There was a time, just a few months ago, when liberal backers of Senator Maria Cantwell were baffled by her stance on health-insurance reform. Why was Washington's junior sen-ator hedging, dodging, and making contradictory statements about the public option, a central pillar of real reform? Why couldn't she just do what other members of Washington's congressional delegation had already done and come out strongly and unambiguously in favor of a government-run health-insurance plan that would compete with private insurers to bring down costs for everyone?
Cantwell, who in 2006 scored a seat on the powerful Senate Finance Committee, appeared to be trying to avoid a public fight with her committee chairman, Max Baucus (D-Montana), who had set out to find a "bipartisan" solution on health-insurance reform by cooking up a reform bill that didn't include a public option. How far would Cantwell go with this deference?
Not very far, it turned out. When Baucus, after months of delays and a notable failure to find strong bipartisan support, finally introduced his bill on September 16, Cantwell pounced. She made it clear that she wouldn't vote for a bill that didn't include a public option, and she filed a raft of amendments intended to pull the so-called Baucus bill to the left. Here are some of her best ideas, translated out of wonky jargon into plain English:
The public-option amendment. This was Cantwell's most important amendment, one that she cosponsored with Senator Charles Schumer (D-New York). It tried to strip the Baucus bill of an unpopular half-measure known as the "co-op compromise" and insert in its place a strong public option. The amendment was defeated on September 29 by a committee vote of 13–10, but its existence helped the overall effort to keep the public option at the forefront of congressional debate. Just as important, it was the clear public rebuke of her committee chairman that Cantwell's constituents, including small-business owners in Seattle, had long been waiting for. Ice-cream entrepreneur Molly Moon, who over the summer slammed Cantwell for failing to lead and ignoring the needs of small-business owners, was among the mollified. "Senator Cantwell is showing real leadership and loyalty to her constituents," Moon said in a statement.
The fixing-the-backward-Medicare-payment-system amendment. Currently, Medicare uses a "fee for service" system that encourages doctors who want to make more money to simply perform more services—unnecessary tests, senseless procedures—and has the overall effect of screwing responsible doctors (such as those in Washington State, who on average bill Medicare a relatively low amount per patient) while setting Medicare on a path toward insolvency. Cantwell's proposal is to jettison that for a smarter reimbursement structure that bases payments on the usefulness of the services provided. It makes so much sense that Baucus has already incorporated the idea into the most recent draft of his bill.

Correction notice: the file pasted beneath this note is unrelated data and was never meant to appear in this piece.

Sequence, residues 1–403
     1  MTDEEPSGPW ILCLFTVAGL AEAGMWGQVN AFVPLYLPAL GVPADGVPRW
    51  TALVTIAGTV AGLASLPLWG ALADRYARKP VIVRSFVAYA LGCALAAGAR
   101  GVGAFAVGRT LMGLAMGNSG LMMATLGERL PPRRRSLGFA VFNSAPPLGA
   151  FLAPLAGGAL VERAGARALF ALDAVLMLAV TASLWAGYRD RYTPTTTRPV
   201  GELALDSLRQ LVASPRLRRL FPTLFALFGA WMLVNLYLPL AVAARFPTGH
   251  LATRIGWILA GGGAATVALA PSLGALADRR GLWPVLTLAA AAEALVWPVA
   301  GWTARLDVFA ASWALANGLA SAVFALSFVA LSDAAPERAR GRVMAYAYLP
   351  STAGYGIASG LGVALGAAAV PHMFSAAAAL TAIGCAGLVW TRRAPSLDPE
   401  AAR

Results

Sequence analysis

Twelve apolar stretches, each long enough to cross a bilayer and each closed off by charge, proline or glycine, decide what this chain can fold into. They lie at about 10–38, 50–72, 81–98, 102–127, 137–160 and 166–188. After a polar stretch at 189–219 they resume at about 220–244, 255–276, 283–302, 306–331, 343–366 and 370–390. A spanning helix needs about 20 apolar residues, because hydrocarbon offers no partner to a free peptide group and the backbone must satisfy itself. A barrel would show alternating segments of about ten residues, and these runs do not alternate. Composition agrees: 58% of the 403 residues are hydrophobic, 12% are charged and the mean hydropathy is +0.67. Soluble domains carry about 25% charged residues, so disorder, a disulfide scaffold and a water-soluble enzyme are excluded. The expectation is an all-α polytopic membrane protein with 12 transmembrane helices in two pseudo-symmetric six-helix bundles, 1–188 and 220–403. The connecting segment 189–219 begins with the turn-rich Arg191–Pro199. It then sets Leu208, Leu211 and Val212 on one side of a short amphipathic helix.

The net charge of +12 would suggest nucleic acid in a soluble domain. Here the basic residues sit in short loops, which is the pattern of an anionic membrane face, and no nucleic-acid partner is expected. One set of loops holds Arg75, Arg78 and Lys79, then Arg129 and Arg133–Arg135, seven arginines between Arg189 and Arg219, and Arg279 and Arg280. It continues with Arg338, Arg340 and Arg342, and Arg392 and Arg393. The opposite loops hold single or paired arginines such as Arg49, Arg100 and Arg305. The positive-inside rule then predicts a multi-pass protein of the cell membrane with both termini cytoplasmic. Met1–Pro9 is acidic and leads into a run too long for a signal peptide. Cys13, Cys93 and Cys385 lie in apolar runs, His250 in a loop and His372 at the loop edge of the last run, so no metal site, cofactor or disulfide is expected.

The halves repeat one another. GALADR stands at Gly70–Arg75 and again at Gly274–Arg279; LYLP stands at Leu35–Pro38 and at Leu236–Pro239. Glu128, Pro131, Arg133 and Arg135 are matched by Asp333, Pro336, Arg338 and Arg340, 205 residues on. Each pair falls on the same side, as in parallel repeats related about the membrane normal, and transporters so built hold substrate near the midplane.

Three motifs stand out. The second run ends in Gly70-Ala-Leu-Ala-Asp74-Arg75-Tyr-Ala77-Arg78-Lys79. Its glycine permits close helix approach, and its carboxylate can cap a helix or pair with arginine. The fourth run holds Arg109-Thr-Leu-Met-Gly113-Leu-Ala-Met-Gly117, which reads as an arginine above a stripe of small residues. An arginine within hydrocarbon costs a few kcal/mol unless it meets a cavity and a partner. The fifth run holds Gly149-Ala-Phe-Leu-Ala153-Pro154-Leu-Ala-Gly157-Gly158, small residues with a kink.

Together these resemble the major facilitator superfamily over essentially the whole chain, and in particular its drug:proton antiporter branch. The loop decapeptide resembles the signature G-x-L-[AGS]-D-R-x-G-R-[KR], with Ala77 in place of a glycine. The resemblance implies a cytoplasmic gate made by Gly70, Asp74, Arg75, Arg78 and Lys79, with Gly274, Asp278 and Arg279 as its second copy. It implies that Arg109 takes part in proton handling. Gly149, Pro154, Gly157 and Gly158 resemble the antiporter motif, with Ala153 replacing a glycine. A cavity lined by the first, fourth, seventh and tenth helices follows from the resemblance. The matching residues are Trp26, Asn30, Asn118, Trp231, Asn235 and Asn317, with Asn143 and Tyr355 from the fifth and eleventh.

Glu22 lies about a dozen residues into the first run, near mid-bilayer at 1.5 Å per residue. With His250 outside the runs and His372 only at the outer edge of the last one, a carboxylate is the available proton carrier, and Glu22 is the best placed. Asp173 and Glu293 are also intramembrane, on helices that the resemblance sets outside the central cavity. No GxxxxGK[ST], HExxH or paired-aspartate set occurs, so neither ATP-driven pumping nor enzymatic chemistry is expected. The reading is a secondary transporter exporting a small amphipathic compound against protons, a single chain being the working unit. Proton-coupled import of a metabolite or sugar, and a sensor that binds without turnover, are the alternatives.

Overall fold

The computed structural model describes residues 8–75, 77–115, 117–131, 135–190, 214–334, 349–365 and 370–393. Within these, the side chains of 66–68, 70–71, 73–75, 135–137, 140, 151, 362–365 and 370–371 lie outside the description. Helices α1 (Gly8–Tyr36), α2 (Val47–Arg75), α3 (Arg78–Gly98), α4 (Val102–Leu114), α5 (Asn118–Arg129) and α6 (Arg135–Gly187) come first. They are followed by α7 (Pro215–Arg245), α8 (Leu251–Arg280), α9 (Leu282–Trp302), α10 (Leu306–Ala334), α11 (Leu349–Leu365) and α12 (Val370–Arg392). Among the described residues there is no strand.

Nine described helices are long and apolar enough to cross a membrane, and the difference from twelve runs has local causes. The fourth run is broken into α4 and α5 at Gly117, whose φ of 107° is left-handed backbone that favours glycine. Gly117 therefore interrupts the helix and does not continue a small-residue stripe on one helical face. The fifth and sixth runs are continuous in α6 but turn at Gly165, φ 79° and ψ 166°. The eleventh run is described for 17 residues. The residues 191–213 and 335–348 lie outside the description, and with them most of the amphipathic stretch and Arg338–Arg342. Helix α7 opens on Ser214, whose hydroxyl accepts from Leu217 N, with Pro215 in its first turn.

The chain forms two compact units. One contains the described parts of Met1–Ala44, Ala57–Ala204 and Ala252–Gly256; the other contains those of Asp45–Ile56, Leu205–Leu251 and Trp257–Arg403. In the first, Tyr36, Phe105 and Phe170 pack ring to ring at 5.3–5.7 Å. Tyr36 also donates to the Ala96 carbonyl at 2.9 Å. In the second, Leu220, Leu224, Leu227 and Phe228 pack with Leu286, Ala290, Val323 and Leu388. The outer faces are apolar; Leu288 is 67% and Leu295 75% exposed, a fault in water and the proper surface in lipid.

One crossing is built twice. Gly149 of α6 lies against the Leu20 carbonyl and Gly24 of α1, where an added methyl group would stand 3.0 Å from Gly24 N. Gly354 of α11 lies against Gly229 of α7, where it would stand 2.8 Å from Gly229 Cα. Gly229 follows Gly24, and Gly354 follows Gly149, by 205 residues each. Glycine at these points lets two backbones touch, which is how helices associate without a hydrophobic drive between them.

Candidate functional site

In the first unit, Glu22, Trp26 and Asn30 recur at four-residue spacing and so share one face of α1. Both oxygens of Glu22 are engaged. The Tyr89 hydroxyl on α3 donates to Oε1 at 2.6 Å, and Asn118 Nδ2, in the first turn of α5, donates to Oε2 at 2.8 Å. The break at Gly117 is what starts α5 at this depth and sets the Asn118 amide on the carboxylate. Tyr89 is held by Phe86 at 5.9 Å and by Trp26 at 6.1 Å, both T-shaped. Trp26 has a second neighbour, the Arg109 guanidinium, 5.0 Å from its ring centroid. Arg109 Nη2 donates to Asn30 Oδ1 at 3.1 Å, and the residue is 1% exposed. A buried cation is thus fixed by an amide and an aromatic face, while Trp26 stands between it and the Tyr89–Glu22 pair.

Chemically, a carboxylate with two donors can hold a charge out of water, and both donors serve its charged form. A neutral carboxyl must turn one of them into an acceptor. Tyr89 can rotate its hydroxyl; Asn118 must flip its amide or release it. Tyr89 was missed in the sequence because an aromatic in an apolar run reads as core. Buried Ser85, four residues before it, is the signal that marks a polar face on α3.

The community-care-for-the-elderly amendment. It currently costs Medicaid about $70,000 a year to keep an elderly American in a nursing home. What if there were a system of care for the elderly that saved money for Medicaid and kept people out of nursing homes they didn't need to be in? In fact, there is such a thing, and Washington State has been pushing it. Cantwell wants to get the federal government to follow suit and provide matching funds to states that offer services like fall-prevention classes, nutrition classes, exercise classes, and home health-care visits for elderly people who need them (for example, a nurse to occasionally come and monitor a person's diabetes medications). "It's a quality-of-life issue," said Cantwell spokesperson Ciaran Clayton. "I think more people would rather get care at home, or through their primary-care doctor, or at their community center, than in a nursing home." And, of course, it could save money.
The "pharmacy benefit management" amendment. What's a pharmacy benefit manager? Exactly. Turns out they work in an unregulated corner of the health-care supply chain and make money in crafty, complicated ways. Basically, a PBM acts as the middleman between health-insurance plans (like Aetna) and pharmaceutical retailers (like Rite Aid). A PBM sets prices, chooses brands, figures out who gets what instead of what. No surprise, there is a lot of potential for devious deeds, and as PBMs aren't well-regulated, devious deeds have been occurring. "It's been found that sometimes prescriptions will be switched, without a patient's knowledge, to save money for the pharmacy," said Clayton. Under this Cantwell amendment, which Senator Baucus has also incorporated into his draft bill, PBMs will have to share information about their methods with oversight agencies. Why wasn't this happening before? Take a wild guess.
But thanks to Cantwell, it may be happening soon—along with a number of other important health-insurance-reform ideas. Her amendments number more than a dozen, and also include proposed action on überwonky matters such as using tax-exempt bonds to pay for fixed-wing air ambulances and broadening inheritance rights for health reimbursement accounts. Go to www.finance .senate.gov/sitepages/legislation.htm if you want to dive into those weeds.